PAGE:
Managing Mail with Aspose.Email for .NET
If you want the flexibility to work with almost any e-mail system -- on the client or the server -- then Aspose.Email is probably your solution.
Every developer has had to work on an application where it made sense to incorporate e-mail. In theory, e-mail should make communicating with users about events in an application easy. After all, e-mail supports sending text and almost any kind of file. It doesn't require a client-side installation. It delivers to everything from desktops to mobile devices, and it's an industry standard. Well, actually, that "industry standard" thing turns out to be only mostly true -- are you working with IMAP or POP3, for instance? As you start working with e-mail (using, for example, the .NET SmtpClient object) you soon find any number of potholes -- potholes that Aspose.Email for .NET is intended to fill.
For instance, while the Microsoft .NET Framework SmtpClient supports sending e-mail, it doesn't provide any mechanism for receiving e-mail. Aspose.Email, on the other hand, allows you to not only send mail through an SMTP server but also to contact POP3 and IMAP mail servers so you can download lists of received messages and process them. The Aspose.Email components also enable you to pick up e-mail by talking to Microsoft Exchange Server. Picking up mail allows you to create "interactive" mail applications in which users can respond to, for instance, notification messages (if only to say, "I got this").
Integrating with Clients
Most users already have an e-mail client on their desktops, and it makes sense to take advantage of the features built into those clients -- adding any e-mails you send to your users' "sent mail" list, for example. However, you can also run into any number of problems using this approach. While Outlook Express (and many other e-mail clients) use the .eml format for storing mail, Outlook uses the .msg format. Opera, on the other hand, uses the .mht format (which supports embedding files in HTML). While Outlook holds data in .pst files, Opera Mail holds its data in the mbox format. (Thunderbird uses a variation of .mbox called .mboxrd). Aspose.Email supports all of these formats.
Unfortunately, Aspose.Email doesn't support these different clients by hiding all their ugly details. Instead, Aspose.Email provides a set of objects for each of the clients. While you'll probably have the objects you need for any particular client (including Thunderbird), if you want to support every client, you'll need to write separate code for each one.
Moving up from the client to the server, Microsoft specifically recommends that you don't do server-side programming with its COM objects, citing issues with security and stability (among other problems). Even with the number of e-mail automation tools around, I found that Aspose.Email support for Outlook and Exchange is especially impressive. It's much easier to process messages in either of those environments with Aspose.Email than using the native COM objects. Creating a bulk mailing, for instance, just requires you to use the Aspose.Email MailMessage class to read an Outlook template file that contains the boilerplate for your message, modify the contents as required for each user and then send it.
And Aspose.Email isn't limited to sending just e-mail -- the product also supports the iCalendar format. You can use this format (an industry standard) to attach scheduled events to the e-mails that you send and be reasonably confident that the appointment will pop up in the recipient's schedule.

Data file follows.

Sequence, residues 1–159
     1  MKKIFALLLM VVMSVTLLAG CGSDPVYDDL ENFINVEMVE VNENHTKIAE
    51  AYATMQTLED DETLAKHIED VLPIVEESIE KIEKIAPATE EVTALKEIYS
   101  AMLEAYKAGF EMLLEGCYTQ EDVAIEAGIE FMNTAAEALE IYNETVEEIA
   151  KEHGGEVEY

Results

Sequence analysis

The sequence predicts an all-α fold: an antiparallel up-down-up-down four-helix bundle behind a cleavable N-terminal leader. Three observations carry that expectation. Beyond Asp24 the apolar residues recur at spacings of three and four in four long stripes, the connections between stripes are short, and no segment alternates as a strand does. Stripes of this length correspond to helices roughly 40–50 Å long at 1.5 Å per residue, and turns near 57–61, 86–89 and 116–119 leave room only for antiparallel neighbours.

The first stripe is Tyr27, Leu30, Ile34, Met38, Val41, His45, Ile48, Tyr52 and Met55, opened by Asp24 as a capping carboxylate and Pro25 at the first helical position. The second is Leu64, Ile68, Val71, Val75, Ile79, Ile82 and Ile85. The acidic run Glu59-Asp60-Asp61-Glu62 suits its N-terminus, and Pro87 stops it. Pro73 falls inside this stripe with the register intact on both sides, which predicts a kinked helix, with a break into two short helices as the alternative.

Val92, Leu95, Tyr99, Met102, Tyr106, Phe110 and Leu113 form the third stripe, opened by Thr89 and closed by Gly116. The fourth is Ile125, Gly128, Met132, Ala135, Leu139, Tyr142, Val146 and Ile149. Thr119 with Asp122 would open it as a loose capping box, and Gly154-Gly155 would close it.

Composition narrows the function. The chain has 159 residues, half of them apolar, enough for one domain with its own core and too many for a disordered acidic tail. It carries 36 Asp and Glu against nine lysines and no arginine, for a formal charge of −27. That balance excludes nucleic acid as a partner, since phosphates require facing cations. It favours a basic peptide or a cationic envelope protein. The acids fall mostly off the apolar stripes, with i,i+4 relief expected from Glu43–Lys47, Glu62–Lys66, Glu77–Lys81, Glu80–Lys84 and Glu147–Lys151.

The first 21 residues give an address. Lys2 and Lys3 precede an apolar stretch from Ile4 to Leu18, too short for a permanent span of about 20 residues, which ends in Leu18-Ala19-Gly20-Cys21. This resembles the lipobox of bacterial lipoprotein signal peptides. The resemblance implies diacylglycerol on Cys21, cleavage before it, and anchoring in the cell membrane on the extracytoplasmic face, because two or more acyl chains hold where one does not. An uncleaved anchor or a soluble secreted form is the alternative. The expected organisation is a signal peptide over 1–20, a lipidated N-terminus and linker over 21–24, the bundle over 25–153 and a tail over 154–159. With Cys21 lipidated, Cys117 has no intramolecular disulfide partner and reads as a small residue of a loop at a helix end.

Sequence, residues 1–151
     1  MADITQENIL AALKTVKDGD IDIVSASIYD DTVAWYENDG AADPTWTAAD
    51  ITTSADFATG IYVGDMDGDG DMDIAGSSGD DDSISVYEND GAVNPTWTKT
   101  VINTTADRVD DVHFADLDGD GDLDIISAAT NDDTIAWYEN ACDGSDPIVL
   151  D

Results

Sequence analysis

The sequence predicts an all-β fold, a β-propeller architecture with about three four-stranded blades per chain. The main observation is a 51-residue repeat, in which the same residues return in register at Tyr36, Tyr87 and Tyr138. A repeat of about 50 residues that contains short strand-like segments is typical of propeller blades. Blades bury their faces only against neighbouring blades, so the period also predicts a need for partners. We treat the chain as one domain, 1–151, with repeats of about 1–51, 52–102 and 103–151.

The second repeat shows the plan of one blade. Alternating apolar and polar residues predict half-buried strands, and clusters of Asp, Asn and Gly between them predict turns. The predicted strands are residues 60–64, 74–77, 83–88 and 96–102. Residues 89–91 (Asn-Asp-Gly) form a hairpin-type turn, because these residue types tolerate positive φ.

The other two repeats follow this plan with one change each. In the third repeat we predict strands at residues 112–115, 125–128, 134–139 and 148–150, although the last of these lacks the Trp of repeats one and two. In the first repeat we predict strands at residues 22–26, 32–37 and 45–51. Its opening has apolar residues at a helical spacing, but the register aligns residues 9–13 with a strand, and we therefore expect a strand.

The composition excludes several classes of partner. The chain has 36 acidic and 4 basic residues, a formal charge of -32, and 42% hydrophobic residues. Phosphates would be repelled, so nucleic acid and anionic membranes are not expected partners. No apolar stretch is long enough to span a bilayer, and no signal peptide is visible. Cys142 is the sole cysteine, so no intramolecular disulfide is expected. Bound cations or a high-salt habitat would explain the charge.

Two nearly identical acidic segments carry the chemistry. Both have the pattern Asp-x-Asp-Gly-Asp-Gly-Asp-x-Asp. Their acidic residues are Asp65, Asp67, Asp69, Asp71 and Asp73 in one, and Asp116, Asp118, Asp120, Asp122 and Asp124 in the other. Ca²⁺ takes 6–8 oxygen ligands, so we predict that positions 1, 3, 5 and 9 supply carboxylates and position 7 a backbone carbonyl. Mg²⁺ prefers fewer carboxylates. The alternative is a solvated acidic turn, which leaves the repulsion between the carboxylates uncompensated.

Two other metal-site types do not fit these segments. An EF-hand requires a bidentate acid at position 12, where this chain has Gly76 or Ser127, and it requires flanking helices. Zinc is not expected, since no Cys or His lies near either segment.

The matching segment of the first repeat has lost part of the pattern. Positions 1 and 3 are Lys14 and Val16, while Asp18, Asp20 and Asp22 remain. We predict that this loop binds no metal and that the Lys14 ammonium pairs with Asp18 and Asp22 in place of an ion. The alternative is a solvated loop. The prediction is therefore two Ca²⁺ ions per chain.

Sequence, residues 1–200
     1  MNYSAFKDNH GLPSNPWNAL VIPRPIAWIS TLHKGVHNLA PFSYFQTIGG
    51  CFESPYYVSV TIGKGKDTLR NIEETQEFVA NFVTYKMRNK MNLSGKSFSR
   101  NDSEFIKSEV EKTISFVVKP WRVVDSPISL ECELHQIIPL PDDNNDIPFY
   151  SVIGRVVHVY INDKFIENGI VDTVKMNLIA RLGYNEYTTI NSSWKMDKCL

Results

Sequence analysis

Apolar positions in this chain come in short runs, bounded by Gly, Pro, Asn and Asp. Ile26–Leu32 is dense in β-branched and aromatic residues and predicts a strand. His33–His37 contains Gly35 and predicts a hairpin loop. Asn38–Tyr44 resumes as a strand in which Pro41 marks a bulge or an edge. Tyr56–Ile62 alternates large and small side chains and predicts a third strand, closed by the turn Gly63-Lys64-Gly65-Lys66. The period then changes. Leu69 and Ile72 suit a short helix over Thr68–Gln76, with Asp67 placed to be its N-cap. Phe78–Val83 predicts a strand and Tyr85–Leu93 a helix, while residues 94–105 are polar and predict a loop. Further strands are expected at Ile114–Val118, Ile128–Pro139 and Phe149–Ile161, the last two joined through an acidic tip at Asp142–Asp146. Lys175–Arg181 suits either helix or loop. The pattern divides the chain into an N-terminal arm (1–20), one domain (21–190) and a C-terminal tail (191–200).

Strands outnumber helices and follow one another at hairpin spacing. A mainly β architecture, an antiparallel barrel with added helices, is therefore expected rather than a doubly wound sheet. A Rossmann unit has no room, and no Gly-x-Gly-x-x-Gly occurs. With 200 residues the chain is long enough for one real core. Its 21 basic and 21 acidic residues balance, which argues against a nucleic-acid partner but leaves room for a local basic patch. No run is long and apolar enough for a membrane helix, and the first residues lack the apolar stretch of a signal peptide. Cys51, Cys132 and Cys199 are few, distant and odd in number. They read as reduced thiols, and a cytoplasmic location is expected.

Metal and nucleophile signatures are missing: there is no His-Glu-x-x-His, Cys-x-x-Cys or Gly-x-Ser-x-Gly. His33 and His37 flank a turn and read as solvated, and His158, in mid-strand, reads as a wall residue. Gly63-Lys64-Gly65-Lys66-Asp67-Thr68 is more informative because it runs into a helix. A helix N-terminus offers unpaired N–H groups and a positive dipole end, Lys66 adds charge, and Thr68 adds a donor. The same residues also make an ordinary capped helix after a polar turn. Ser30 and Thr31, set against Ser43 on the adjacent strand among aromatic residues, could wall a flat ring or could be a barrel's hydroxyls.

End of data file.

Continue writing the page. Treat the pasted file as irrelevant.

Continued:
More Cool Stuff
Beyond working with e-mail, I kept stumbling across cool stuff in the package. The FileDropTargetManager, for instance, lets you create Windows Forms controls (such as Panels) that can accept items dragged from Outlook. Pre-packaged UI controls aren't included, however. You'll have to write the code to extend existing controls yourself.
There's nothing really wrong with the documentation that comes with Aspose.Email, but there's not a great deal that's right. The documentation is primarily organized by namespaces and classes rather than by task. The task-based documentation consists almost exclusively of commented code examples. There seems to be some confusion about the audience, though, because some of the task guides consist primarily of step-by-step instructions (with graphics!) on how to add a project reference to the necessary Aspose libraries -- you'd think Aspose could assume that anyone using its product would know how to do that.
Documentation aside, if you're looking to integrate e-mail into your applications, Aspose.Email lets you do just about anything you want, and it offers you the flexibility to work with different e-mail systems.
Price: Starts at $599 for a Developer Small Business license with standard support; goes up to $11,987 for a Site OEM license with enhanced support
Quick Facts: A set of .NET libraries for creating e-mail applications
Pros: Supports every e-mail protocol and scenario that a developer would need
Cons: No UI or toolbox components -- be prepared to write code
Peter Vogel is a principal in PH&V Information Services, specializing in Web development with expertise in SOA, client-side development, and user interface design. Peter tweets about his VSM columns with the hashtag #vogelarticles. His most recent book ("rtfm*") is on writing effective user manuals, and his blog on language and technical writing can be found at rtfmphvis.blogspot.com.